As a casual woodworker, I think I am a fair woodworker when it comes to creative design, precision machining and quality assembly. My weakness is wood finishing.
I joke around with my family and friends by telling them that I make sure my wife gets to admire my assembled projects “before I ruin them” , meaning “before I stain & finish them”. Now, while I would like to think I am not that inept, I definitely do feel that staining and finishing is often the most critical part of completing my woodworking projects successfully.
What I have found to be important to get good finishing results is to select wood that stains evenly. My personal favorite is Oak. Soft woods like Pine require a lot more pre-stain work and generally cause me problems even if I use a pre-stain conditioner. I also have learned the hard way that very careful pre-stain sanding (especially end grain) and very thorough removal of glue from wood surfaces prior to staining is critical. Taking the time and care to do the finishing job correctly is a huge factor in how the finished project will look.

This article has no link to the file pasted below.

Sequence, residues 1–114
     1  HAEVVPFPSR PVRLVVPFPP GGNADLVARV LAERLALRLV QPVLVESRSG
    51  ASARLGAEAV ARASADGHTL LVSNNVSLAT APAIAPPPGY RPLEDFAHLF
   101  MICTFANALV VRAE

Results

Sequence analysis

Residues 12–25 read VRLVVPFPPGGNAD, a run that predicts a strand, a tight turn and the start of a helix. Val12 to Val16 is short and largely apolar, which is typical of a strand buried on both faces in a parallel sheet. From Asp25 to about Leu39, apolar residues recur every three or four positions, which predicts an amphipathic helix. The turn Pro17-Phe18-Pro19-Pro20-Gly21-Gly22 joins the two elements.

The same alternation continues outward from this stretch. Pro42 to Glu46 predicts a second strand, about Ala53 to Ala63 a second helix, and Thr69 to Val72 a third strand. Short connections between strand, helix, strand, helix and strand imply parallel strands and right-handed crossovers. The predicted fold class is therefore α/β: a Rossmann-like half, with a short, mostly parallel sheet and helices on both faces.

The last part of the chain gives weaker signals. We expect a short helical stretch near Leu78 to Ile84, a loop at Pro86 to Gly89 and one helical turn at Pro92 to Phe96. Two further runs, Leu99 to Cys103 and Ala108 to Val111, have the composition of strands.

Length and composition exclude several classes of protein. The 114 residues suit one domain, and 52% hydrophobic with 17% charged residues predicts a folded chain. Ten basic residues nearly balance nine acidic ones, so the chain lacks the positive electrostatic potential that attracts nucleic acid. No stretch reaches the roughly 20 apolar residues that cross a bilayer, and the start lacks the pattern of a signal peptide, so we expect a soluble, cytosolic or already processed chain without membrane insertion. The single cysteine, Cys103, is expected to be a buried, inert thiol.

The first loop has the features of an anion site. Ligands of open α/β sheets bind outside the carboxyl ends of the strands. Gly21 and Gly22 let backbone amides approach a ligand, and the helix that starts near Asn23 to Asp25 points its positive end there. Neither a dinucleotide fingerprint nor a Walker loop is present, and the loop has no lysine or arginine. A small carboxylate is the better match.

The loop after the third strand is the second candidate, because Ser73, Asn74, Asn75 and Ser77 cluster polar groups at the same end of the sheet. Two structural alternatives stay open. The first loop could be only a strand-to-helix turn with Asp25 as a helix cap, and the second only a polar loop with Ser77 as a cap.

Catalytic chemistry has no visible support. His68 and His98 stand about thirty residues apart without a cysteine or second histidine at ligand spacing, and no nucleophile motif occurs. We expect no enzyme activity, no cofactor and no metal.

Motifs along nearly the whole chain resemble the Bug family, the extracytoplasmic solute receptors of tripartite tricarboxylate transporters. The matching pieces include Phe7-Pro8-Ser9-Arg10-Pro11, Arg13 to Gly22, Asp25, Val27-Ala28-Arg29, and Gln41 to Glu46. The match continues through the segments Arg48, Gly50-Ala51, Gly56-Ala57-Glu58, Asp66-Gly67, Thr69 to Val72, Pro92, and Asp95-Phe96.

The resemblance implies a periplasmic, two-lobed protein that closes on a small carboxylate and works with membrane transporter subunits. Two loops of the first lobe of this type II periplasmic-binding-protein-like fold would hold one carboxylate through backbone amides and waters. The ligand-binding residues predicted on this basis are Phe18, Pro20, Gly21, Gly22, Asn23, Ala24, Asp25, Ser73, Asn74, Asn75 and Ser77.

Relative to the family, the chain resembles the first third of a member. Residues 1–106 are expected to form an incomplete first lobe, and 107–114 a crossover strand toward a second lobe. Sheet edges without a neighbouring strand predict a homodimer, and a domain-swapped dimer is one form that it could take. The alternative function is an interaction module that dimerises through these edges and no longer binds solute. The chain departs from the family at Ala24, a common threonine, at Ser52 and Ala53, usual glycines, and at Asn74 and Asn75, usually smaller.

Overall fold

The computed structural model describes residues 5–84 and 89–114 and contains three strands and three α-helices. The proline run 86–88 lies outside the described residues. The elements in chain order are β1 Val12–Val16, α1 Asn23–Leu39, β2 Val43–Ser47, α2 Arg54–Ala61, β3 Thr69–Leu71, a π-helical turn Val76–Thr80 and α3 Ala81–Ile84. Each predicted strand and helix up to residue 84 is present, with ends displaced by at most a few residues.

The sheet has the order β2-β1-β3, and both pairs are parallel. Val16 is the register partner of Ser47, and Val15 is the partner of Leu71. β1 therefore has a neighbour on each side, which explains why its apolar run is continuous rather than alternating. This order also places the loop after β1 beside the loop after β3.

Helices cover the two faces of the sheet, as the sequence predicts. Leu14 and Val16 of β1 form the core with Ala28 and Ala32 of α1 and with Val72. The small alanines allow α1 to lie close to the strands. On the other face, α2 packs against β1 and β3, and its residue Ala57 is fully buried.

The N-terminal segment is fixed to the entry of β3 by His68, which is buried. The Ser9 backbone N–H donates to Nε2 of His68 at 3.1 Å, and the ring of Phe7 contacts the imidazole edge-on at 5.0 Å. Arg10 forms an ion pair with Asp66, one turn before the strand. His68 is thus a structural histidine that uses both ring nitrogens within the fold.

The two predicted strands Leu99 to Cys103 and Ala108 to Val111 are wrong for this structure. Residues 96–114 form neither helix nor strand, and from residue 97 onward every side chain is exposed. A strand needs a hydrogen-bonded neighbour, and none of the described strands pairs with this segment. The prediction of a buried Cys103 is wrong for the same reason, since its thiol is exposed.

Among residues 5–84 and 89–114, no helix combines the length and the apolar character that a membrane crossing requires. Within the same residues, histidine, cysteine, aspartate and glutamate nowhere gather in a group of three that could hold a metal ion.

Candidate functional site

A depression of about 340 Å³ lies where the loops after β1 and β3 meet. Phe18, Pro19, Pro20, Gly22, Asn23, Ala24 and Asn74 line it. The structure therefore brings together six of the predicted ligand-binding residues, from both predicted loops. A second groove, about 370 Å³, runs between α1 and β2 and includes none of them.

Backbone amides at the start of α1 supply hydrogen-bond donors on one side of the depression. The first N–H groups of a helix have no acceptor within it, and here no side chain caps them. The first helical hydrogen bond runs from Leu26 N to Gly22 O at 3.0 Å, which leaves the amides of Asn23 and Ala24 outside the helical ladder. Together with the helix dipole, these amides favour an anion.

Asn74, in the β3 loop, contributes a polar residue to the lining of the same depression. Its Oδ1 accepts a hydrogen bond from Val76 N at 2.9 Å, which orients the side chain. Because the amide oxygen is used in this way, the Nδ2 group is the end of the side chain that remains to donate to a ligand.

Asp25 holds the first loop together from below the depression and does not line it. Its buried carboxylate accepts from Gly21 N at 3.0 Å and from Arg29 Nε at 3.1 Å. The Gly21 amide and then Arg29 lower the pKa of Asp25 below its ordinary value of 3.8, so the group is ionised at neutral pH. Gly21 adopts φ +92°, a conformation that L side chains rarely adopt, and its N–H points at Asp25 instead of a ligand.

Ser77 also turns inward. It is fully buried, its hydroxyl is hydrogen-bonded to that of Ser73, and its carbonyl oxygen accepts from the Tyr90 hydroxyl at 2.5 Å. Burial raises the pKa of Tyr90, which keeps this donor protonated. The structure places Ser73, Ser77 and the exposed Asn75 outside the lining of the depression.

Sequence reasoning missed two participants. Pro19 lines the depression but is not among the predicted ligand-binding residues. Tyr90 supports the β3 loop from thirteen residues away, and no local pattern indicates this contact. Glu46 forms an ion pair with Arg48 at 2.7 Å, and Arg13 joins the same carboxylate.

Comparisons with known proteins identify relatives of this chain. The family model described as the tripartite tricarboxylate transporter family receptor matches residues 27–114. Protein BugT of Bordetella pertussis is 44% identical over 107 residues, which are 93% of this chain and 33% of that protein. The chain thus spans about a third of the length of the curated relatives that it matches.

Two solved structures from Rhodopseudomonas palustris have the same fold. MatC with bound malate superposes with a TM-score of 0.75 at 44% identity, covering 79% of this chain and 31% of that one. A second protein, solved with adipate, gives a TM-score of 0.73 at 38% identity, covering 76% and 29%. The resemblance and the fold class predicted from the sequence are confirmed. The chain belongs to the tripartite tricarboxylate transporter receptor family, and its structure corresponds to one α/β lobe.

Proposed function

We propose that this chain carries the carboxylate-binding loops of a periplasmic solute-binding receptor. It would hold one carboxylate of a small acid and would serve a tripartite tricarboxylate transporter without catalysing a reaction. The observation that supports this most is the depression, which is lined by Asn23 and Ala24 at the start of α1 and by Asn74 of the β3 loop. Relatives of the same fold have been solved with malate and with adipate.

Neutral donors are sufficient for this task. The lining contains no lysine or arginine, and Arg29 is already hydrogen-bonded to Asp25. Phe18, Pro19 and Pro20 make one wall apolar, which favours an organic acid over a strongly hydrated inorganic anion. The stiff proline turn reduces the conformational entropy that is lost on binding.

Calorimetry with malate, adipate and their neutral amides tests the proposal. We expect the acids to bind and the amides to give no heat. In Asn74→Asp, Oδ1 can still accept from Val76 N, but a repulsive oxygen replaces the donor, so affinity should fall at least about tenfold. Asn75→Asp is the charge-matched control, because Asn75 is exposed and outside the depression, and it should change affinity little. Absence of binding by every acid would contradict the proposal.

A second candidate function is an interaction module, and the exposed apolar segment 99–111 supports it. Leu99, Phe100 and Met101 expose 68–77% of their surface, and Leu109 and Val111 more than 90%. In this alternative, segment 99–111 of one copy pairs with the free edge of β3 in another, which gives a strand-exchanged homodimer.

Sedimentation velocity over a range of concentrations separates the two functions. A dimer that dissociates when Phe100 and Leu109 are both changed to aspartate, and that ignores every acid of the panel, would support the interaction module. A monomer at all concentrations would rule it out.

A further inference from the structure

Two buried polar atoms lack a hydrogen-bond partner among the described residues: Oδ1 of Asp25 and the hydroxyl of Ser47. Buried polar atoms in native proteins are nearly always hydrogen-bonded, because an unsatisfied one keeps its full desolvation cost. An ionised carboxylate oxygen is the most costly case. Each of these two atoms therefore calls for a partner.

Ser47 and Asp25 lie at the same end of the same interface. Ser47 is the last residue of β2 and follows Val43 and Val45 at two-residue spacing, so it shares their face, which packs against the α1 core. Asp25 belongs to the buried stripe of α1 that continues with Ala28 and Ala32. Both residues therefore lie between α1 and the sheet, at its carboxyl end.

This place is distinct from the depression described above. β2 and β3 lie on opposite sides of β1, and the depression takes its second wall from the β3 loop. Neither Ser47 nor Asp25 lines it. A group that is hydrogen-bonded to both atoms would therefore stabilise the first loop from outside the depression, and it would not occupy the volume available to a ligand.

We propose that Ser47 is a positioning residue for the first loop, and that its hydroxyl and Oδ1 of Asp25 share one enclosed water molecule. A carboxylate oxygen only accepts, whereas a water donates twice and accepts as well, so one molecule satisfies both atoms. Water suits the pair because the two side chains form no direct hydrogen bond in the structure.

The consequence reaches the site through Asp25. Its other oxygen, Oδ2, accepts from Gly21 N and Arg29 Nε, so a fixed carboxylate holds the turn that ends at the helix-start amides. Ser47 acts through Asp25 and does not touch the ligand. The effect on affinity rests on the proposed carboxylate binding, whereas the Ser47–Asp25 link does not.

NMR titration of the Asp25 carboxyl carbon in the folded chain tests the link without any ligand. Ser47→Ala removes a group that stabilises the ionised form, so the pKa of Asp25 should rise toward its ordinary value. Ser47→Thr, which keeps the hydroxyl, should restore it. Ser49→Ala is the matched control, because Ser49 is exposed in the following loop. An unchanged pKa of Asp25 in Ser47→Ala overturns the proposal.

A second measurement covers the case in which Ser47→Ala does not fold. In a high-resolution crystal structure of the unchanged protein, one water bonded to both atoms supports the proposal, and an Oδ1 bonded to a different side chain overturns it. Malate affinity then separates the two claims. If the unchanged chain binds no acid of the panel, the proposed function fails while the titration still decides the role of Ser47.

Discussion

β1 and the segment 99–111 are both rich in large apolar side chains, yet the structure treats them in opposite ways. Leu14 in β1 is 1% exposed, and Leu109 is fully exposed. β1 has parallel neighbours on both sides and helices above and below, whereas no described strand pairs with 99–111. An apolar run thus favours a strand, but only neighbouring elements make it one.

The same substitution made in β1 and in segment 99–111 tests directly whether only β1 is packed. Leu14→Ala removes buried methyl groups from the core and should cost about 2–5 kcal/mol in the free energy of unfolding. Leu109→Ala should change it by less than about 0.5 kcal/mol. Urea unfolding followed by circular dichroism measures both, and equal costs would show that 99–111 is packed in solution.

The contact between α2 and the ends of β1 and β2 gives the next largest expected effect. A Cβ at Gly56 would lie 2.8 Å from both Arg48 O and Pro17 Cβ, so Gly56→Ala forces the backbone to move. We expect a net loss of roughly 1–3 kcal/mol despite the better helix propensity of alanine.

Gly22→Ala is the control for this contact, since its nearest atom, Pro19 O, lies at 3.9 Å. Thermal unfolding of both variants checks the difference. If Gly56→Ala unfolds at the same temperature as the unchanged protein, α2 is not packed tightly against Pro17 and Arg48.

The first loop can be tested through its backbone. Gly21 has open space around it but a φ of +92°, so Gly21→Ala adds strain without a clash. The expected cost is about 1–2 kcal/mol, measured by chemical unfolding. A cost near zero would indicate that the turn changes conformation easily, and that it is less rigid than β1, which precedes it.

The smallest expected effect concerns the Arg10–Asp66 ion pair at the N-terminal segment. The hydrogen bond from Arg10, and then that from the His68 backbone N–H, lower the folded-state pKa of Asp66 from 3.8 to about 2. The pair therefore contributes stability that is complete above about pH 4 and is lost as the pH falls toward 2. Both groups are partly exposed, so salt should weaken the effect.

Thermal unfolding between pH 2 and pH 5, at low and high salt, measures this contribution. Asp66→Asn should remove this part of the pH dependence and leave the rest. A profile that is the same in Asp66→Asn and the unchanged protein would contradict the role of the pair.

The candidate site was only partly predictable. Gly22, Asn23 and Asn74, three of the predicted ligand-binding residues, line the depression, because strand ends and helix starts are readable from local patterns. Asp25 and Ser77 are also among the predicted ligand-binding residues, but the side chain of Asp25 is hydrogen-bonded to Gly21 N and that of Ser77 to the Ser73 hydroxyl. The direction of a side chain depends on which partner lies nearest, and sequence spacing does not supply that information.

There are numerous great publications available (Understanding Wood Finishing by Bob Flexner, Flexner on Finishing: Answers to your finishing fears and frustrations by Bob Flexner, Tauntons Complete Illustrated Guide to Wood Finishing by Jeff and Susan Jewitt, and Great Wood Finishes by Jeff Jewitt) on wood finishing and well worth the investment in time to learn as much as possible from experts. Armed with knowledge and practicing patience, even I end up having respectable wood finishing results.